Perspectives on changing science from the 2nd Homo scientificus europaeus Meeting

Perspectives on changing science from the 2nd Homo scientificus europaeus Meeting

This is a guest post by Future of Research policy activist, Adriana Bankston.   Being part of Future of Research, I often wonder whether the issues we are facing in the scientific system in the U.S. also exist elsewhere in the world. Although I grew up in Eastern Europe, most of my research experiences have been in laboratories across the U.S. This has definitely given me a great variety of experiences and perspectives. But, as I’ve recently witnessed in the March for Science events, science is indeed global and most likely we all face the same issues and can learn from each other.   Very recently, I had the great chance of remotely attending the 2nd Homo scientificus europaeus Meeting, entitled “A pan-European Scientists’ Community: Promoting an Open Science in an Open World“, which took place in Barcelona, Spain, and was introduced here. The main goal of this meeting was to foster the creation of a large pan-European community of citizen-scientists supporting the new social contract between science and society. The meeting was divided into 3 areas: 1) initiatives from grassroots organizations and organizers of various European “March for Science” marches; 2) a discussion of citizen science projects/engaging the public with science and 3) open science and broader issues in the scientific enterprise. The Future of Research Executive Director Gary McDowell gave a brief talk and participated in the debate in the final session.   Common themes emerged throughout this meeting, which are great reminders of how science is done or should be done in the future, not just in Europe, but everywhere in the world. To some extent,...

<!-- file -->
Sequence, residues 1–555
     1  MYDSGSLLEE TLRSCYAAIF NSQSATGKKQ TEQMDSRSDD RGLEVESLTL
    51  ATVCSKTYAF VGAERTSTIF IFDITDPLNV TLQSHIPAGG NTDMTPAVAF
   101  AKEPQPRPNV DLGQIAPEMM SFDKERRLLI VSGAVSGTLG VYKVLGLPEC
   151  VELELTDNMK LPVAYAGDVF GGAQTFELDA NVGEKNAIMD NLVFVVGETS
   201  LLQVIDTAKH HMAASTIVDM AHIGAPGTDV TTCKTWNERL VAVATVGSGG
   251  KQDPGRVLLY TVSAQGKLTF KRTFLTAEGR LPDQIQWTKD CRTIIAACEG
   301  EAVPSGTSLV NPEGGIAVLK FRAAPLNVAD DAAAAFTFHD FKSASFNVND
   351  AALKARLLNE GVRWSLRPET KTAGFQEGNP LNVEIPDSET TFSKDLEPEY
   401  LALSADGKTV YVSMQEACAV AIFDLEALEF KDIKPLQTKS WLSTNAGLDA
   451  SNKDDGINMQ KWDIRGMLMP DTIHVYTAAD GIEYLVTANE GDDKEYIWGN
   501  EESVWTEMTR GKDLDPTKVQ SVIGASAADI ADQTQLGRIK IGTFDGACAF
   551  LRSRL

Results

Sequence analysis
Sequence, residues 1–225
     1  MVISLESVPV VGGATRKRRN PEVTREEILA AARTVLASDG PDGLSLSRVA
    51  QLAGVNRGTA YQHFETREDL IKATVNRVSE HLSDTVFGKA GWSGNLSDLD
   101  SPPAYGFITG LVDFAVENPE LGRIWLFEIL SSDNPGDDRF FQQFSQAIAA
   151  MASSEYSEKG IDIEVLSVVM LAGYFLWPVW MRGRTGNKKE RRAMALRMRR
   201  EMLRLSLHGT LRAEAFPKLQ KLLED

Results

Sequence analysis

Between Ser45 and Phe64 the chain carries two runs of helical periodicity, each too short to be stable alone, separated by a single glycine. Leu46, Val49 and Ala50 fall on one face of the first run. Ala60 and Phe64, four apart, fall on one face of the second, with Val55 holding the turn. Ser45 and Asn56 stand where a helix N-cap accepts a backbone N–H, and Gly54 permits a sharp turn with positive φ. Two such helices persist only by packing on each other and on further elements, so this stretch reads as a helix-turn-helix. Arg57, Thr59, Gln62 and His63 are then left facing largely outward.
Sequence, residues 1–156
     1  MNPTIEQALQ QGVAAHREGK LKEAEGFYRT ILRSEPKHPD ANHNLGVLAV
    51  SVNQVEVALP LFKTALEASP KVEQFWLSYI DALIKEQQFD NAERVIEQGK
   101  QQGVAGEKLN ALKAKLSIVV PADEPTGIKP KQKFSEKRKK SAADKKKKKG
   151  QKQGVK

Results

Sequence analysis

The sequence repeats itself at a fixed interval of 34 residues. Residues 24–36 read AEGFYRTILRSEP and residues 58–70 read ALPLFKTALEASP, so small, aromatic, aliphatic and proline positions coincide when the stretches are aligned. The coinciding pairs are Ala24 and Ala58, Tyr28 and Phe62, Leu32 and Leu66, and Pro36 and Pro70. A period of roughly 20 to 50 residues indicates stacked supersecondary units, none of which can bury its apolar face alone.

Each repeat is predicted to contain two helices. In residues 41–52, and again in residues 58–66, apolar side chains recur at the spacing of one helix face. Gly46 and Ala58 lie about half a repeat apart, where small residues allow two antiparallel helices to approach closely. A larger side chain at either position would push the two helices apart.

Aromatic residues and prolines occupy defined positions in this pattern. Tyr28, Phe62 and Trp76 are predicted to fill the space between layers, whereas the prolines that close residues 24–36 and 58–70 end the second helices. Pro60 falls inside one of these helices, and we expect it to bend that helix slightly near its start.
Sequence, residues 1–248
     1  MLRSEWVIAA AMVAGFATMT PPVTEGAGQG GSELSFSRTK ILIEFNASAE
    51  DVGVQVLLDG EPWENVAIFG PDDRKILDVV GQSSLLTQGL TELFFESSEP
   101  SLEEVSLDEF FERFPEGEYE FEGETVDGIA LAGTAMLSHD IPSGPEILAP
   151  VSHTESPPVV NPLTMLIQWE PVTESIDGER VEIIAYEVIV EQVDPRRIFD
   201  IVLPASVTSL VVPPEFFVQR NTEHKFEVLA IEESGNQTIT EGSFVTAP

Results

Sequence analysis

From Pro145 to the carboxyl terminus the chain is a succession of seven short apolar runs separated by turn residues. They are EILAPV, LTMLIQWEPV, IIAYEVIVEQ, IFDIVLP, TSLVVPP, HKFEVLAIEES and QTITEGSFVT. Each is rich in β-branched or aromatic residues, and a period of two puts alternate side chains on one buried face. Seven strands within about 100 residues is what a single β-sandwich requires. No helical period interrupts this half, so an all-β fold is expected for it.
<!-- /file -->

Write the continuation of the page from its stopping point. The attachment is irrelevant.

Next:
The NIH need to hear from YOU about the Grant Support Index

The NIH need to hear from YOU about the Grant Support Index

On June 8th and 9th the National Institutes of Health Advisory Council to the Director will meet. On the afternoon of the first day, the Grant Support Index (GSI, which is being used with reference to the proposed cap on NIH funding), will be discussed. Given the intense debate about the new NIH grant cap proposed that occurred at the NIH Council of Councils recently it is very important to make sure that all voices are heard in this discussion.   The voices that the NIH are most likely to hear from on these issues are the ones with the largest megaphones, including the very people who may already are above the cap, and the few institutions that support large numbers of these investigators. We at Future of Research think it is vitally important that NIH hears from all NIH-funded, or potentially NIH-funded, investigators and researchers, including early career researchers. We are asking you to let the NIH know what you think in at least one, but preferably ALL, of the following ways, before June 8:   Send a letter (we provide a template below which you are free to edit as you see fit) to: Francis Collins: francis.collins[at]nih.gov Lawrence Tabak: lawrence.tabak[at]nih.gov Michael Lauer: michael.lauer[at]nih.gov The director of your specific institute(s), if applicable Comment on the NIH blog post. Send comments to info[at]futureofresearch.org if you think there are points we should consider for the statement we are drafting. If you are in DC June 8th, consider attending the open session at the Advisory Council to the Director’s meeting to express your opinion. The GSI will be discussed at 1pm on Thursday June 8th (and it is...
Needed: Flexible Mentors in Science

Needed: Flexible Mentors in Science